Notes:  I’ve tried making this with stevia, and did not like the flavor at all.  One time I added extra lemon, but that made it taste kind of like Pledge, so keep it subtle.  I also tried adding more sesame seeds, but it was too much, threw the balance off.  This fig jam is great with salty crackers and vegan cheeses.  If you need to collect figs over 2 or 3 days, gently rinse and dry them, and keep them in a covered container in the refrigerator until you get enough.
IMG_0579  White Italian Honey Figs

IMG_0510  Here’s my haul from day one.  It took me two more days to steal enough from the squirrels to make jam.

IMG_0591  The picture of health, but not ripe yet.

IMG_0589  This fig tree gets cut back each Spring and then it grows about 4-6 feet in one season.  You can see it towering over our one-story garage roof here.  This fig tree faces SW, and is protected from wind by the garage.

Early Bloomers for A Back Porch Flower Bed

I like a succession of blooms in the flower bed that runs along our back porch.  This is Act One, and it provides early color while the longer-lasting perennials are maturing for their turn in the spotlight.  Invisibly growing up, hidden under and behind these purple and white blooms, are Butterfly Weed, Cone Flowers, Liatris, tall Sedums, tall Phlox, Russian Sage, tall Soapwort, Veronica, Daylillies, Obedience Plant, etc.  Here below are some easy, early-flowering combinations that I use almost every year.  These flowers bloom for several weeks in Spring, for parts of April and May, maybe a month, or more or less, depending upon the weather that year.  So this year, we have a good example of some of the blooms.  Please note that usually, I also have big red and pink poppies blooming with these, but am just now in the process of replacing poppies that have gotten pushed around and inadvertently dug up over the years during plantings of annuals, etc.  So here we go with some of my favorite old standbys.

IMG_9923 Tall purple Dames Rockets (Hesperis matronalis) are an old-fashioned favorite that used to be planted outside the back/kitchen door of early-American farm houses in Pennsylvania and other nearby states.  They also come in white.  Each year, I let one Dames Rocket go to seed and then save the seeds from the long, thin seed pods once the pods dry out and start to crack.  In August or September, I scratch the seeds into the soil and keep them lightly watered for a couple of weeks until they start to sprout and take.  If you look closely, you can see the dark green leaves of tall phlox coming up.  In this photo, the Dames are fronted by an early daisy called ‘filigran’ as described below.  Oh and p.s., the Dames Rockets have a lovely, faint floral scent.

IMG_9924 Purple blossoms of the common chive are in the foreground of this photo.   I use these chives all Spring and summer for cooking.  When the flowers are spent, I cut the whole plant down to the ground and they re-grow quickly, several times over a summer and into late Fall.  These slowly spread over the years, so that you can always have one little patch flowering while the other regenerates and blooms again.  You can also pot up a little patch to give away.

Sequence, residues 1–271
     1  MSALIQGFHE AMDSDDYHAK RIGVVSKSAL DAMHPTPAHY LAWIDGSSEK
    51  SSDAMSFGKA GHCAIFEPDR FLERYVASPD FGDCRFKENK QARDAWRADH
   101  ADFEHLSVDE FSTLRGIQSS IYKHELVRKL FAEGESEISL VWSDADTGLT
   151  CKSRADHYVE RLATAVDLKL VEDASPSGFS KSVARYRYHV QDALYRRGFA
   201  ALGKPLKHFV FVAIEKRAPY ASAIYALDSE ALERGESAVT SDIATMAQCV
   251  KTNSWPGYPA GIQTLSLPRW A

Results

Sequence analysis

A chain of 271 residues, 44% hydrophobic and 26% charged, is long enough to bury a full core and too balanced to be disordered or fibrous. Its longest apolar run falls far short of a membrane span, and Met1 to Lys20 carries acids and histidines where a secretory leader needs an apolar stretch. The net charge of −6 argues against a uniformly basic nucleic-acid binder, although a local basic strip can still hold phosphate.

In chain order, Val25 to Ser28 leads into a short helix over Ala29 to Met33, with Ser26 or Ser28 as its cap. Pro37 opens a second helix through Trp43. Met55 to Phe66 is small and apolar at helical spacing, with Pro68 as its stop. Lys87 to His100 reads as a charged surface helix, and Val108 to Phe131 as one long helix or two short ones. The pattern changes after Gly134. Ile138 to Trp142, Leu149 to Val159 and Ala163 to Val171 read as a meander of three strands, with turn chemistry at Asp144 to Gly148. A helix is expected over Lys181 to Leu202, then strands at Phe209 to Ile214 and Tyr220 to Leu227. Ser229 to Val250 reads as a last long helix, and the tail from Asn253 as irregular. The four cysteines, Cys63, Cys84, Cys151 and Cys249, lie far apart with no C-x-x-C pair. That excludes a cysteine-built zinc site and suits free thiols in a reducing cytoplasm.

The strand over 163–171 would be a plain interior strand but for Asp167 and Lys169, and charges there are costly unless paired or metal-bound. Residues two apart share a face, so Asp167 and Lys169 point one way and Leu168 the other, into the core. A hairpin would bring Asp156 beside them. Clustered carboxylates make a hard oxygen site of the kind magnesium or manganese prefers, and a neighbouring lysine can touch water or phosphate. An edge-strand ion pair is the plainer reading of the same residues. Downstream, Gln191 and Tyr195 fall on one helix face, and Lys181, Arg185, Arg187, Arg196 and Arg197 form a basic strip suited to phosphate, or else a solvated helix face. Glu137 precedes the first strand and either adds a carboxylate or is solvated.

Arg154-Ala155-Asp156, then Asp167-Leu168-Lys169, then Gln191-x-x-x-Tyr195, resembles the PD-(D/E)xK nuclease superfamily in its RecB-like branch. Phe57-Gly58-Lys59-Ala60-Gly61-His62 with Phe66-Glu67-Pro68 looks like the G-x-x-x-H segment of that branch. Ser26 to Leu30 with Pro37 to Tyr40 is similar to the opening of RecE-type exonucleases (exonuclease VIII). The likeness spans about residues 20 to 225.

IMG_9926 The tall red/pink flowers are Centranthus ruber, otherwise known as Jupiter’s Beard.  This is an “ever bloomer” meaning that if you cut it back as you go, it will bloom from May to the first frost.  It does spread and go to seed, so I deadhead the spent blossoms, and pull out a clump of it here and there as the summer wears on.  Later, if it gets leggy or the blooming slows down, I’ll cut a foot off it and let it start over for another bloom.  I planted 3 of these in April 2007 and have had descendants ever since.  They bloom early, and provide that little contrasting pop of red needed to offset the predominant purples and white’s I have going.  You can’t see it, but I always start packs of white alyssum along the bottom front of the beds, so that it smells like honey.  The honeybees love the alyssum and the low alyssum look sweet down at the front edge, and sort of hang over and soften the front edge of the bed.  Alyssum are also easily started by seed.  I have not tried the purple alyssum, always love the look and scent of the white.  Please note the darker-purple spires of Salvia just starting to open on the middle right of the photo.

IMG_9933 Daisy, Leucanthemum ‘filigran’ is the cultivar.  I’ve tried different oxeye daisies and Shasta daisies, and this is my favorite for various reasons.  It’s early, it’s a little shorter, so it’s a bit more manageable than some of the taller shastas.  This one is a winner; it can take a beating under wind and rain and stand back up for you, even when we get the Spring storms off the water.

IMG_9929 A close-up of the dark-pink Jupiter’s Beard.

IMG_9932 The deep purple spires of Salvia are among my favorites, because they bring a different shape and intensity of color to the garden.  There are so many good things about Salvia!  They’re deer resistant, rabbit resistant, can take it dry or even a bit salty.  They attract hummingbirds and bees.  They can take clay soil to sandy soil, and are not invasive.  Once spent, you can cut the individual stems back for a second bloom.  What’s not to like!

Harvesting Chestnuts